4.36 mile run
There was a time when nearly all of my runs were solo runs, and I “hated” running with other people. Really, I just wasn’t comfortable enough to run with anyone else. I thought I was too slow and too out of shape to be a good running partner, so I never even tried. After being a runner for nearly 7 years, I still do the majority of my runs solo or with the dog, but in the last two years, I have learned how motivating and fun it is to run with a friend and even with a group.
These are my top 4 reasons to run with friends.
Picture this, it’s a cold, gray, and rainy Sunday morning. You have a 10+ mile run planned and you have no desire to drag yourself out of bed. You only do because you’ve scheduled to run with your training partner at 8am. The entire time you’re getting ready to go, you’re hoping that she calls you to cancel, but she doesn’t. When you get to the trailhead, it’s raining just enough that you know you’ll be soaked by the time you finish the run. Your training partner shows up and you get moving. You both joke about hoping the other called to cancel that morning. The run goes faster than you expected even though the sun stays hidden and you really are soaked by the time you get back to the car, you finished your run and it ended up being a pretty good day.
2. Great Conversation
Lots of miles, lots of hours, lots of conversations. All those crazy thoughts you have on a solo run now have a sounding board, grat advice, and feedback. You get the added bonus of looking less like a crazy person because you no longer have to talk to yourself to keep entertained. Nothing is off-limits in a long run conversation and what’s discussed on the run, stays on the run. ‘Nuff said. 🙂
3. Motivation and Mental Toughness
On those days when you need an extra push, you get it. A running partner or training group can bolster your mental toughness. They can support that all important mental will to keep you going or get you through a rough patch.
“You have to want it, you have to plan for it, you have to fit it into a busy day, you have to be mentally tough, you have to use others to help you. The hard part isn’t getting your body in shape. The hard part is getting your mind in shape.”
4. Getting You Over the Hump
Whether it’s a little friendly competition or running with a group that goes a little faster or a little farther, social running can help you take your running to the next level when you’re finding it tough to do it on your own.
This week, all of my runs, except today, will be with friends. I know I will always enjoy my solo runs, but it is a great treat to mix it up!
What do you like about running with others?
9 x 200m hill repeats @ 5K pace (solo)
- 1:01.3 (9:03 min/mile)
- 56.9 (8:43 min/mile)
- 55.4 (8:19 min/mile)
- 54.4 (8:17 min/mile)
- 54.2 (8:20 min/mile)
- 56.3 (8:45 min/mile)
- 52.9 (7:49 min/mile)
- 53.9 (7:56 min/mile)
- 54.8 (8:28 min/mile)
It has been 30 days since I started my experiment following a primal-style eating plan. In the last 30 days, I have attempted to cease all consumption of added sugar, grains, beans, and white potatoes. Though I did make exceptions on a couple of days after the first two weeks were completed, I pretty strictly eliminated these things from my diet. I have also reduced my consumption of dairy to one serving a day, and only had red wine and dark chocolate as infrequent indulgences. In my research in the various paleo/primal-style diets, I found that there was a wide range of adherence to the various principles, so I felt it was reasonable for me to include dairy in my diet knowing that I could tolerate it and the majority was going to be yogurt.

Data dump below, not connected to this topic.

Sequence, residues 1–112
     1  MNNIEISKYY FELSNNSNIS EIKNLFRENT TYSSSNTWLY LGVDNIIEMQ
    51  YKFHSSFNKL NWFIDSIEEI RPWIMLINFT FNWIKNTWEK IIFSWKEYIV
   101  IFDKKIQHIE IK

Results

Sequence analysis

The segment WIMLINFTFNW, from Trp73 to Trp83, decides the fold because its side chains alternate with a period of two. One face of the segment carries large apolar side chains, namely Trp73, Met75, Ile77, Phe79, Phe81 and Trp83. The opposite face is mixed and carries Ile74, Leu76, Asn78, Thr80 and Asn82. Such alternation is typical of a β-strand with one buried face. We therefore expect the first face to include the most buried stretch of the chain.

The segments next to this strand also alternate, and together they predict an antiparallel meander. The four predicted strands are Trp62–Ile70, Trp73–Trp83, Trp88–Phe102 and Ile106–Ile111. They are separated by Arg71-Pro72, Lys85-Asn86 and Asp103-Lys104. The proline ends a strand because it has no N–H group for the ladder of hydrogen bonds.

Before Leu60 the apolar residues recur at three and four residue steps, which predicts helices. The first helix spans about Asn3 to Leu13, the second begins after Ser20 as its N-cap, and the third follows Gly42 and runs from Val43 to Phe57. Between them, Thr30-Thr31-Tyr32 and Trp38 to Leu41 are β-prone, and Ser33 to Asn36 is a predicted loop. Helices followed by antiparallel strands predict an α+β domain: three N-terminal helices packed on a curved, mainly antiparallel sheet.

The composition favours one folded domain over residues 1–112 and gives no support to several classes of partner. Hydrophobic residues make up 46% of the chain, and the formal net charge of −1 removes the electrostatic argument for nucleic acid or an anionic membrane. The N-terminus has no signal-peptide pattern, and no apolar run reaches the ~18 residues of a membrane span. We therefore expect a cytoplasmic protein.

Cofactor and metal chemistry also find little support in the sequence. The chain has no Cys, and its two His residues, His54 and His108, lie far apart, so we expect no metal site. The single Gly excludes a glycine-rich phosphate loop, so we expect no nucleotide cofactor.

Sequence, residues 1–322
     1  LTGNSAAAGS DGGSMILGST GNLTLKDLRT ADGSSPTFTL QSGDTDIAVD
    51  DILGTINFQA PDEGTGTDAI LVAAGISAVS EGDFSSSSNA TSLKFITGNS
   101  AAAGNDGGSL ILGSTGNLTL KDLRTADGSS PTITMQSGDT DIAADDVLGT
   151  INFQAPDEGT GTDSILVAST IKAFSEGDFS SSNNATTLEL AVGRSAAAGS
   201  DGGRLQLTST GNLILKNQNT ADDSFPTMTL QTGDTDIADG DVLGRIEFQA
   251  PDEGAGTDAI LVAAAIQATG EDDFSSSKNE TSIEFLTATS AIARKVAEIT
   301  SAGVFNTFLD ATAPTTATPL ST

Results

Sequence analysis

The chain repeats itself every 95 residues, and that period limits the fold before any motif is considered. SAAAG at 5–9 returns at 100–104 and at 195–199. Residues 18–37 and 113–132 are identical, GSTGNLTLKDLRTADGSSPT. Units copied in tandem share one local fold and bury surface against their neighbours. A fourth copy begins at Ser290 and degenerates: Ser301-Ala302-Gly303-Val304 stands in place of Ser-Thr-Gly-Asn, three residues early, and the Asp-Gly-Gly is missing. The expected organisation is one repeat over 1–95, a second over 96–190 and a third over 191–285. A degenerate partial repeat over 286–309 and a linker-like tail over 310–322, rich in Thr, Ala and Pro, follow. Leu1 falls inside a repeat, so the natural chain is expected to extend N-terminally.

Through the experiment, I typically ate three main meals and two smaller snacks each day. My breakfasts primarily consisted of eggs and fresh vegetables, such as an omelet with spinach, mushrooms and tomatoes. I ate a morning snack of yogurt and fresh berries. My lunches were big salads with plenty of veggies as well as protein in the form of lean chicken or boiled eggs or some leftover meat from the night before. I usually had an afternoon snack post-workout with some fruit and a small handful of nuts. Dinner was a lean protein and lots of vegetables, occasionally some sweet potato.
Here are my observations from my experiment.
- Increased my vegetable intake tremendously – at least double and maybe triple my previous daily intake.
- No longer feel hungry all the time!
- Smaller portion sizes are more satisfying.
- No cravings for sugary snacks or desserts.
- Renewed interest in cooking and finding new recipes and flavors.
- Requires more planning ahead and time for cooking – less convenience.
- Expensive to purchase all fresh and high quality foods.
- No bread, pasta, or peanut butter!
- Rapid weight loss (8lbs) in the first week and balanced to 5 lbs, total loss.
- Increased degree of thirst in the first week of the experiment.
- No changes in energy levels or inflammation.
In all, I’m really glad I did this experiment and while I do not plan to adhere to the strict rules of paleo or primal, I will likely include aspects in my future nutrition. I don’t plan to go back to drinking diet sodas and I don’t see any need to eat foods with added sugars. I like that it pushed me to eat more vegetables and fresh fruits and that it motivated me to try some new recipes. And I love that I no longer feel famished 20 minutes after every meal. In spite of the benefits, I will be adding servings of whole grains (homemade sourdough is on the agenda for next week!) and such back into my diet, but I plan to keep my focus on vegetables and lean proteins as the main bulk of my diet. If I notice a reversal of any of the positive aspects, or any significant drawbacks, I’ll re-evaluate, but life is too short and if I want to have a warm piece of homemade whole grain bread with my dinner, I will not deprive myself of the pleasure. 🙂